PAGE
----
3 Tips To Leasing Commercial Property

leasing commercial propertyLeasing Commercial Property – 3 Tips Before Signing a Lease Agreement

  1. check yours and your landlord repairs obligations
  2. get a clause that allows you to end the lease earlier than anticipated
  3. ascertain lease agreement complies with Landlord and Tenant Act 1954

1. check yours and your landlord repairs obligations

When leasing commercial property you need to think about property repairs – who is responsible or liable?  If a property is in need of repairs, the leaseholder and landlord are responsible for immediately addressing repairs, in order to comply with legislation.  Lack of compliance could potentially incur more costs because of those affected by property damage – neighbours or third parties.  If the damage to commercial property affects others, the costs could be tremendous and end up impacting on business.  Ensure it is stipulated in the lease who is responsible for repairs to the property you’ve just leased and avoid any problems that may affect the running, reputation and profitability of your business.

2. get a clause that allows you to end the lease earlier than anticipated

Did you know that it is reasonable to ask the landlord for a rent-free period?  If you check the property out before committing to leasing, make a list of anything that needs repairing and altering.  You will have some refurbishing work to do, so the time you’ll spend repairing and refurbishing the property will mean effectively loss of income because you won’t be trading from the premises.  You’ll be surprised at how accommodating a landlord can be if you’re carrying out repairs and improvements to the property.  Remember also that once you sign the lease, you’re responsible for council tax and any utility bills – these are a burden to the landlord until you sign the lease.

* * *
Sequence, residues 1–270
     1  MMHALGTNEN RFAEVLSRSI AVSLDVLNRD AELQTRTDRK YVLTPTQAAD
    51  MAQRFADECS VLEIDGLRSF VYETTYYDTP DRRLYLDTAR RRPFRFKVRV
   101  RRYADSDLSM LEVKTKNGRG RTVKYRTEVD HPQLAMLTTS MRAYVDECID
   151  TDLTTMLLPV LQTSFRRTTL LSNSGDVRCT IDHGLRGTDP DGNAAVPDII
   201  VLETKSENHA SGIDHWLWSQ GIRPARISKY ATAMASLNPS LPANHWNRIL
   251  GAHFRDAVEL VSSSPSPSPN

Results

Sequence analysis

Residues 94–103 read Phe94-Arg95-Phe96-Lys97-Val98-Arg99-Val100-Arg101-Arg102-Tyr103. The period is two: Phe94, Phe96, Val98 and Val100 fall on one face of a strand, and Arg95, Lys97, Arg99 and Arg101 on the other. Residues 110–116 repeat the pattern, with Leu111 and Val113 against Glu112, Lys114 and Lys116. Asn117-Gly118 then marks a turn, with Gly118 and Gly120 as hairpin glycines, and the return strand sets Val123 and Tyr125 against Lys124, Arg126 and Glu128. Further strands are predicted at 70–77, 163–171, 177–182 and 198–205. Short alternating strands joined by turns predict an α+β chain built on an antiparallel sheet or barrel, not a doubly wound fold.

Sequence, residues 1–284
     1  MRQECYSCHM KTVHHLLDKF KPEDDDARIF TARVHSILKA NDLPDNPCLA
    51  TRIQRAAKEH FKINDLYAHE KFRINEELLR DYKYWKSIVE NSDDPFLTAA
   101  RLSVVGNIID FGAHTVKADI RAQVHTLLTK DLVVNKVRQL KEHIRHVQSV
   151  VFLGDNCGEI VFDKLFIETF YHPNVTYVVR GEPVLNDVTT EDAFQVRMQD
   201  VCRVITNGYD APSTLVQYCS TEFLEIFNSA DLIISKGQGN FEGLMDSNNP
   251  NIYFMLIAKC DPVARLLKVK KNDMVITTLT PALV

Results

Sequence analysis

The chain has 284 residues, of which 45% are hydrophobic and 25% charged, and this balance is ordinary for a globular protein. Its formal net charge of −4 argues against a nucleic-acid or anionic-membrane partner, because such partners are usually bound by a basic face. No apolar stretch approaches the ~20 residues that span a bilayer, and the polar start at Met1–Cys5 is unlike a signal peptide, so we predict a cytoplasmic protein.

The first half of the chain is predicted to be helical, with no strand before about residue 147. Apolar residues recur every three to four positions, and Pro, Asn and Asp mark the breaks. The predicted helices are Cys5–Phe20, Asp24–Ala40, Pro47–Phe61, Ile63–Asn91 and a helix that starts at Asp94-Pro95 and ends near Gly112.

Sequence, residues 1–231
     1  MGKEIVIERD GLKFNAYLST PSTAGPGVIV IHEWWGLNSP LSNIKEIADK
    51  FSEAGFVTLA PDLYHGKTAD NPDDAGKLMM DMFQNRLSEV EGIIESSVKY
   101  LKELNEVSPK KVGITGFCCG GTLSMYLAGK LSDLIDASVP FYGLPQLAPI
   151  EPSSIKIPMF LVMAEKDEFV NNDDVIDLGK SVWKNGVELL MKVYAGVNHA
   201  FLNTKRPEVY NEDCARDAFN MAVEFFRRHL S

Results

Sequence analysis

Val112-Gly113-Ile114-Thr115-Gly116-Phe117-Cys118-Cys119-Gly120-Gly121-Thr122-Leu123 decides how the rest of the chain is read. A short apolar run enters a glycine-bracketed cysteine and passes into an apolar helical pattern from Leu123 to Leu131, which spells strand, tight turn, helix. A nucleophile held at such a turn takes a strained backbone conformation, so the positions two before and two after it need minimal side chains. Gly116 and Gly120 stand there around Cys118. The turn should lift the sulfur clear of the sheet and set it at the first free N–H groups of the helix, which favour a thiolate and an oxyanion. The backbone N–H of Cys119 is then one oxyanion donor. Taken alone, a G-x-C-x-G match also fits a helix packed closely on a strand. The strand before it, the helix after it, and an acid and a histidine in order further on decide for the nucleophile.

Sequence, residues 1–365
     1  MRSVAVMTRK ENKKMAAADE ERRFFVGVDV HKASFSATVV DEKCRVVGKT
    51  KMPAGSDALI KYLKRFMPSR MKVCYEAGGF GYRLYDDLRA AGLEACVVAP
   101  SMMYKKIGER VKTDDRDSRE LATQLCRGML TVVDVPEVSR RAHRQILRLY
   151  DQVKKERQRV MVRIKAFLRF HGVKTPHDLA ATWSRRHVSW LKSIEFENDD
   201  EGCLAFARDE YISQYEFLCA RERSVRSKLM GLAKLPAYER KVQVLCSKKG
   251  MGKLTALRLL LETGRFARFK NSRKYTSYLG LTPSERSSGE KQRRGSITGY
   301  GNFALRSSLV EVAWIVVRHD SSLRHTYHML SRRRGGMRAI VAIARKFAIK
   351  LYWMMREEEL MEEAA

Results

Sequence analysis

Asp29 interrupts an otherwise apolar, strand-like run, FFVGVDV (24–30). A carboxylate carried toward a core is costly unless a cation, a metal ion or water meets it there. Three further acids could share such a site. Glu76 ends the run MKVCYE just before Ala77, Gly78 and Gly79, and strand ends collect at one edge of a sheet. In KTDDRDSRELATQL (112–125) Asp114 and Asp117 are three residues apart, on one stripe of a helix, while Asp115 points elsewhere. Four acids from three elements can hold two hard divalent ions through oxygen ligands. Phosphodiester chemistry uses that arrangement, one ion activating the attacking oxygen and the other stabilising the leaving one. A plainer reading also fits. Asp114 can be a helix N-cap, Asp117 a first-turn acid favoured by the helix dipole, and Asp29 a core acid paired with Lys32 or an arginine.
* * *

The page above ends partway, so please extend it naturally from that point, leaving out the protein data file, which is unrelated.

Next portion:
3. ascertain lease agreement complies with Landlord and Tenant Act 1954

Carefully read through your commercial lease agreement and speak to a property solicitor who can review it and adequately advice you.  You need to know your legal rights but also ensure that your business doesn’t suffer the consequences of overlooked or misunderstood wording in your lease.  A property solicitor with experience and expertise in business law can help you understand the impact some of the wording may have on your business.  You and the landlord can be advised on alternatives that benefit both. SG

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